Collection date: Apr 1907
Henry Cave (1854-1907): age 52, 17 fiddle tunes – 3 at Coleford on 19 Apr 1907 + 13 at Midsomer Norton 9 Sept 1907 + 1 at Nettlebridge 14 Sept 1907: Sharp described Henry Cave as a ‘first-rate fiddler’ and watched him in action in a pub session: he wrote to his wife Constance on Sunday 15 Sept 1907: ’Had a magnificent evening last night ... at Nettlebridge Inn. The tap room was full but by squashing they managed to clear a space for the dancing. And such dancing! Jigs by the score, broom dances, 4-handed reels and country dances! I never saw such light feet and loose ankles in my life. My old scissor grinding friend (Henry Cave) with a grin all over his face up in the corner and fiddling for all he was worth!’ (CJS1/12/18/10/64 at vwml.org).
Mrs Kettlewell had arrived separately by car that evening and also wrote about the event: ’The fiddler, Cave by name, was perched up in a corner. The room was full of men who faced each other in long rows and as soon as the music struck up began to step dance. They advanced and retired and walked round, and then footed it briskly ... The landlord told me that whenever Korfie was in the neighbourhood, men would flock from far and near for a dance’. ‘Korfie’ (Coffee) was the nickname of local step-dancer Alfred Parfitt. For full discussion of Henry Cave and Tom Cave, fiddlers, see Philip Heath-Coleman article in Folk Music Journal vol 10 no.2 (2012).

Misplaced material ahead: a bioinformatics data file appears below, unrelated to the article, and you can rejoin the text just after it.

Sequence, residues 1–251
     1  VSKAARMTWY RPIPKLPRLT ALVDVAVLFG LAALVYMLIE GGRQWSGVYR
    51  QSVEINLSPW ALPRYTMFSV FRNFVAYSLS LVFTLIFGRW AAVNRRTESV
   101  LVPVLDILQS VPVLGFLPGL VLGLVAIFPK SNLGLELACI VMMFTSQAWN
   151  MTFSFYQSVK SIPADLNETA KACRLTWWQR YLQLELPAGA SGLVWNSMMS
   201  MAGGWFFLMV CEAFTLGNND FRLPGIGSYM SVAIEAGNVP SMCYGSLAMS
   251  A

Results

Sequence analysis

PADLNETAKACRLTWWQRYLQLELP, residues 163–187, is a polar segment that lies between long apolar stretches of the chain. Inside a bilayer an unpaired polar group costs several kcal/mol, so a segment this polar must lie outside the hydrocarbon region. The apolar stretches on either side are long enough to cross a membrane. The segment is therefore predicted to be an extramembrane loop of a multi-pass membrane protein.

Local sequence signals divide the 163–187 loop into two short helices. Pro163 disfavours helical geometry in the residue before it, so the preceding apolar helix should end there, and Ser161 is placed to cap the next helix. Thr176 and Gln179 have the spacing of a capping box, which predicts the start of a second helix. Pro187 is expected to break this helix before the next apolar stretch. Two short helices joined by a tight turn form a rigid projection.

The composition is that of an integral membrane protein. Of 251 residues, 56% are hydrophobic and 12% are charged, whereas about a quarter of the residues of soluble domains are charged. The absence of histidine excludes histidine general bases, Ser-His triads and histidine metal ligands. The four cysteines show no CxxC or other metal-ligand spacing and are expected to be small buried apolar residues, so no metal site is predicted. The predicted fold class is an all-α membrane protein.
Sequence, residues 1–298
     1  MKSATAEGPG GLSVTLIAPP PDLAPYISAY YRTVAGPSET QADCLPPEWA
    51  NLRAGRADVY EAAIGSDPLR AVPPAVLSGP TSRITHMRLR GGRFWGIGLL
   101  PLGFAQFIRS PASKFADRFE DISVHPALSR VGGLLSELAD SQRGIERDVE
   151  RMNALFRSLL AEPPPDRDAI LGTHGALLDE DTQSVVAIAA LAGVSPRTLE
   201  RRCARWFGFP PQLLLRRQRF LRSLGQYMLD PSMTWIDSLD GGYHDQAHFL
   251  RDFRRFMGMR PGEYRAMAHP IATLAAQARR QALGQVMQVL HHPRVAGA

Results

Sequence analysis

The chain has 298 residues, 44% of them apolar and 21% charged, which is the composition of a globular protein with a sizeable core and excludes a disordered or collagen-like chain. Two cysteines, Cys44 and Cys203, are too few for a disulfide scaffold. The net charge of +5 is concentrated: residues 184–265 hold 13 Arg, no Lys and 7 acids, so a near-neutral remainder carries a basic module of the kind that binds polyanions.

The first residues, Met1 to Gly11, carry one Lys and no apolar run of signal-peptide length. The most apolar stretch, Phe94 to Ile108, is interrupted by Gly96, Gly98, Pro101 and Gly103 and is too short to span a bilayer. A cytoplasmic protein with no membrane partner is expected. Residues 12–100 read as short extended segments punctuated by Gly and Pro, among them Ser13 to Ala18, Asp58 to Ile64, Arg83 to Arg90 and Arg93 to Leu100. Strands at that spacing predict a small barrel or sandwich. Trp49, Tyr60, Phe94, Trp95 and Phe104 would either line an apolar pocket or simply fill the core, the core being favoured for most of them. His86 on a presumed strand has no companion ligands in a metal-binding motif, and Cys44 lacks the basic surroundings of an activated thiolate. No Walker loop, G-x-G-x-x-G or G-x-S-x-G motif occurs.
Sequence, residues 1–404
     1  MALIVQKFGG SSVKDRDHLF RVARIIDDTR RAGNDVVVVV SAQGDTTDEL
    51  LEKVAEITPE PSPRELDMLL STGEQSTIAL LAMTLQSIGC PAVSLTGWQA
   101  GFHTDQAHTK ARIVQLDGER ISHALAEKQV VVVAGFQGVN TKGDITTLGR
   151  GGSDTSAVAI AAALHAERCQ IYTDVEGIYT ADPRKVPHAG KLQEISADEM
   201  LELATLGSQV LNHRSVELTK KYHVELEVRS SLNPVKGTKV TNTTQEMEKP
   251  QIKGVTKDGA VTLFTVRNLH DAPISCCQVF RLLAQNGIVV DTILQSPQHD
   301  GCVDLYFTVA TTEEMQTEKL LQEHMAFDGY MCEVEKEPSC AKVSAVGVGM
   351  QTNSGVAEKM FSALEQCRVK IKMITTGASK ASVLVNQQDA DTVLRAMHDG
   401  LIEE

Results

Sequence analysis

Henry Cave (known as Harry) was born in the Dec qr 1854 at Shepton Mallet, eldest son of Thomas Cave. He was baptised aged 3 at Evercreech church on 13/1/1858. Against both their names the vicar wrote ‘Half-gipsy’. Five further siblings were born at Evercreech and the family was settled there in both 1861 and 1871. In the latter census Henry is described as ’16, grinder & cutler’ (ref RG10/2440 f60 p21). Henry cannot be found in subsequent censuses, as it seems he was travelling round the north Somerset villages in a ‘bender’ (hooped canvas shelter) with a handcart and grindstone. It does not appear that Henry married. He died not long after his final meeting with Sharp on 28 December 1907. He had been playing at the Redan Inn, Chilcompton on Boxing Day evening and was ‘quite sober’ when he left at 11pm but was found next morning lying in a ditch nearby. The verdict was ‘heart failure, consequent on exposure’.